9. Eat at a Vietnamese Restaurant
At the recent Southern Foodways Symposium (SFA) held here in New Orleans, John T. Edge, director of the SFA made this statement. “Vietnamese food is not ethnic food in New Orleans. Vietnamese food is New Orleans food.” The Vietnamese began arriving in the city very shortly after the fall of Saigon, in 1975, and have established themselves very well in New Orleans. It’s no wonder – the Vietnamese people shared common colonial ancestors in the French, and because of that, to a large extent, a common religion, Roman Catholicism. And because the topography of coastal Louisiana is so similar to Vietnam, many of them are shrimpers and fishermen by trade, and we also share a rice based cuisine.
There are several Vietnamese restaurants in and around New Orleans. There are the Mom and Pop establishments in Gretna, just across the river from downtown New Orleans, and in New Orleans East (where there’s also a very active, but quite early morning Vietnamese farmers’ market every Saturday) – restaurants opened by the first wave of immigrants who arrived. It’s a trek out to the East, but I go every once in a while to get the amazingly delicious and extremely reasonably priced Bahn Mi’s from Dong Phong, a bakery with restaurant attached. Subsequent generations of Vietnamese Americans have begun opening a new wave of eateries, often with lots of fusion elements. You can do an online search for Vietnamese restaurants in New Orleans for a list, or you can just check out my new favorite – Mint Modern on the newly revived Freret Street dining corridor in Uptown New Orleans.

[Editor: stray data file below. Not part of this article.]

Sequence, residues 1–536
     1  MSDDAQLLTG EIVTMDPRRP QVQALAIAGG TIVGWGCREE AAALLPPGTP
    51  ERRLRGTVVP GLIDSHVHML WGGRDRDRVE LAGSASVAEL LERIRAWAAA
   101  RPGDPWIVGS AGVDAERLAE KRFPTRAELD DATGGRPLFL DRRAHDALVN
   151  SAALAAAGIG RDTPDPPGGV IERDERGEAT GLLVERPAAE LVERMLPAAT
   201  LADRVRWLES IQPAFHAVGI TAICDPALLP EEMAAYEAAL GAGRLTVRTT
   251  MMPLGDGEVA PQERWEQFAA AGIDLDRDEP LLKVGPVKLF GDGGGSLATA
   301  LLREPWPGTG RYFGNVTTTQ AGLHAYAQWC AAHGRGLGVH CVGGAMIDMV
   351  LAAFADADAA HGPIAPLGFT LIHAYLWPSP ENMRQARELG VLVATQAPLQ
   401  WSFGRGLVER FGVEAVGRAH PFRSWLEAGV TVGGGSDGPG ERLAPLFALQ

10. Visit a Museum
I know that museums aren’t the first thing you think of when you think of New Orleans, but the city is chock full of them. I guess it’s not that surprising, as the city is a gift for history lovers. There’s a Civil War Museum, the Historic New Orleans Collection (with a couple of facilities in the French Quarter, the Old U.S. Mint and The Cabildo to name a few. The city’s number one tourist attraction is the World War II Museum (I know- I was surprised to learn that, too). And it’s not just history – there’s the New Orleans Museum of Art (mentioned above) , the Ogden Museum of Southern Art, and the Southern Food and Beverage Museum among others. One of the quirkiest is the tiny Backstreet Cultural Museum in the heart of the Tremé. If you’ve ever heard of the mysterious Mardi Gras Indians, this is the place to get a close up look at one of their intricately glorious costumes. The founder of the Museum, Sylvester Francis, is on hand to give you a guided tour. You’ll also get a glimpse at some Mardi Gras Baby Doll costumes, and a bit of the Second Line culture. While you’re there, I recommend walking across the street to visit historic St. Augustine’s Church, built in 1842, and which became at the time, the most integrated church in America, as free people of color and whites were both allowed to purchase pews. Homer Plessy of the historic Plessy vs. Ferguson Supreme Court case was a congregant of St. Augustine’s. You can also see a pew dedicated to Marie Laveau, and a monument called the Tomb of the Unknown Slave in the church’s yard. The church is still an active place of worship.